War of the Rebellion: Serial 115 Page 0368 PRISONERS OF WAR, ETC.

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[Indorsement.]

ADJUTANT AND INSPECTOR GENERAL'S OFFICE,

February 4, 1862.

Respectfully referred to the Secretary of War.

R. H. CHILTON,

Assistant Adjutant-General.

AMERICAN HOTEL, Richmond, January 25, 1862.

Honorable J. P. BENJAMIN,

Secretary of War, Confederate States.

SIR: By direction of the President I called on E. Taylor, a Federal prisoner here, who the President said would be discharged in exchange for me, ascertaining certain facts (already transmitted to the President) in regard to his position and standing.

By order I reported at his office and there learned that you were in private conversation with the President, therefore adopt this method of addressing you to ascertain if I can immediately (say to-morrow) depart for Norfolk in charge of E. Taylor, to proceed therefrom tinder a truce and be released from my parole, upon the consumation of which I can communicate to you the subject upon which I spoke at your office.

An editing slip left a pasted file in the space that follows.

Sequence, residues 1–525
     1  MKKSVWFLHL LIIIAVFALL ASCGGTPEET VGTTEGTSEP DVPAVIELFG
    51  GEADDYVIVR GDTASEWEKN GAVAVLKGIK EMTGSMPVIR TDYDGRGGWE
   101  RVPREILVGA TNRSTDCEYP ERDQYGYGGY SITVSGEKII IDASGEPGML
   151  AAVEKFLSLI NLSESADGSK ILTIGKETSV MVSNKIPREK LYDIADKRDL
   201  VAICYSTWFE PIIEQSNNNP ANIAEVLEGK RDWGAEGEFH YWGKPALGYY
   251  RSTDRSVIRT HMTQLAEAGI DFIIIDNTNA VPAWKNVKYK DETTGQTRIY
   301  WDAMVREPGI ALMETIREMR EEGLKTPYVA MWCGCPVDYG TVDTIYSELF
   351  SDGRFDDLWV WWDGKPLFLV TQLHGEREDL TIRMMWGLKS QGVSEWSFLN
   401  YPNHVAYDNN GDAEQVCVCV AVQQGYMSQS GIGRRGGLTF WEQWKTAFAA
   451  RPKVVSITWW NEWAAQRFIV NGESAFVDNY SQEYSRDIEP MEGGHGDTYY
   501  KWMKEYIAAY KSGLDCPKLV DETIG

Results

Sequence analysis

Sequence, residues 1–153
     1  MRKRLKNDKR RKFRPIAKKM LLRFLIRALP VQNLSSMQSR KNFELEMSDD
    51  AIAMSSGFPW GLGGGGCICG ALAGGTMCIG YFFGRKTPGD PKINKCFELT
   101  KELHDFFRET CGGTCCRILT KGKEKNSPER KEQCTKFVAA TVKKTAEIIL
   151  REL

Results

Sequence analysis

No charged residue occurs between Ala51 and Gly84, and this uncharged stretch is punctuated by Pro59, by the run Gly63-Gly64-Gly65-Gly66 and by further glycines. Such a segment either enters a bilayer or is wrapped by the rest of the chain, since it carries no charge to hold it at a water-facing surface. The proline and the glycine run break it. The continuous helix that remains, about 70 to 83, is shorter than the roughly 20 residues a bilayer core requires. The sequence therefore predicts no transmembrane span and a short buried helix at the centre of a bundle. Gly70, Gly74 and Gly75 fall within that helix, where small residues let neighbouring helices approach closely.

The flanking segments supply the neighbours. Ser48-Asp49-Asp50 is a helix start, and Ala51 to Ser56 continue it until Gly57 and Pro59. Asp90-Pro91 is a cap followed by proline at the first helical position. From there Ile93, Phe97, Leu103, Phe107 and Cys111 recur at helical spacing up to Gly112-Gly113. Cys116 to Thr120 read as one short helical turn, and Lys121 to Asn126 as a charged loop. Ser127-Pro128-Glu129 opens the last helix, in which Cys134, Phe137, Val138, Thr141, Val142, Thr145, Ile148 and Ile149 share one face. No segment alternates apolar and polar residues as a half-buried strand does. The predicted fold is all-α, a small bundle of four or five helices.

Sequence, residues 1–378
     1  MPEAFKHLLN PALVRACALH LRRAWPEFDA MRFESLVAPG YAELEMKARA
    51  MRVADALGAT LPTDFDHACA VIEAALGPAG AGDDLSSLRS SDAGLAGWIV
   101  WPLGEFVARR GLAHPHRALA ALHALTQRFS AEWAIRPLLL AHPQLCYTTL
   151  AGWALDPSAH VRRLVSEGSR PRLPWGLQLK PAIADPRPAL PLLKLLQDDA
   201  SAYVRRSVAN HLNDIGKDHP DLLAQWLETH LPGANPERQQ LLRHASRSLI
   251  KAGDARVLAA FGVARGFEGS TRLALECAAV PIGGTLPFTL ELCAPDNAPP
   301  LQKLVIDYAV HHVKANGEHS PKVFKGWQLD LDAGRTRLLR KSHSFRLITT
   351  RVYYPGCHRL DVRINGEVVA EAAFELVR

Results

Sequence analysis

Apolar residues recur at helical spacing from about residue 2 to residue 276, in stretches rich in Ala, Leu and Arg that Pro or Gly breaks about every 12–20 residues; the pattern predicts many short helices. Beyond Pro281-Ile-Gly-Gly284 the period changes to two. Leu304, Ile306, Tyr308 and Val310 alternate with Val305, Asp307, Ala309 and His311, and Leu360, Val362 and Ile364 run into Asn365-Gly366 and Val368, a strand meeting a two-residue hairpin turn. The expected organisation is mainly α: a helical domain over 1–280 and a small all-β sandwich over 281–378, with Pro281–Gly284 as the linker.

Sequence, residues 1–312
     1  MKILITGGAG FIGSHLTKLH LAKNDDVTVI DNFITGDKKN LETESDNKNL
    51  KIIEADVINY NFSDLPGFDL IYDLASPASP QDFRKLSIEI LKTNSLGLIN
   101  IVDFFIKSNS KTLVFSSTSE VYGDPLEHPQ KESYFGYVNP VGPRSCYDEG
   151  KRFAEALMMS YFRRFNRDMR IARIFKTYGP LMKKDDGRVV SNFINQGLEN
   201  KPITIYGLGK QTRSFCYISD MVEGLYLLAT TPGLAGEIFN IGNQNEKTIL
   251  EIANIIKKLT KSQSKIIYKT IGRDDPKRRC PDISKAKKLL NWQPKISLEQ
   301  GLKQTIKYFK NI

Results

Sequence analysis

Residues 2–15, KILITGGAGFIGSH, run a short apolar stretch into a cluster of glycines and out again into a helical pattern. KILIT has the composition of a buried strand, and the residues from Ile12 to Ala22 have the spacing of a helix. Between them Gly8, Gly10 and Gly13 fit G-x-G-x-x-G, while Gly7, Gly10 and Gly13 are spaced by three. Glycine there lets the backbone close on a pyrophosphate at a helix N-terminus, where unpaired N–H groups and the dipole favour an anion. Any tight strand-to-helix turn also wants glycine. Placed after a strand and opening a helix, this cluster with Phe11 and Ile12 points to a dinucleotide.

I would further request that Lieutenant Louis Florance, of Louisiana Zouaves, may accompany me on said duty, he being on furlough at present from the Pennisula.

Respectfully, your obedient servant,

E. S. RUGGLES.

WAR DEPARTMENT, C. S. A.,

Richmond, January 26, 1862.

Major General BENJ. HUGER, Norfolk, Va.

SIR: * * * Mr. Edward Taylor, of Cincinnati, will be sent you in exchange for Mr. E. S. Ruggles.

* * *

I am, your obedient servant,

J. P. BENJAMIN,

Secretary of War.

Cases of Messrs. Hitchock, Burson and Nettleton.

Thomas Hitchock was arrested by an officer of General Smith's brigade near the Chain Bridge in Virginia the 3rd of July, 1861, and having been sent to Washington was committed by Justice Donn to the District Jail and from thence transferred November 1, 1861, by order of General Porter to the Old Capitol Prison. The charges against Hitchock were that he had conveyed information to the rebel army; with having been guilty of shooting Federal pickets, and hunting up Union men and causing them to be driven from their homes. The testimony of various persons to the above charges against Hitchock has been taken and is said to be on file in the office of Justice Donn, of Washington. The said Thomas Hitchock was released November 25, 1861, by order of Brigadier-General Porter, provost-marshal of Washington, on taking the oath of allegiance.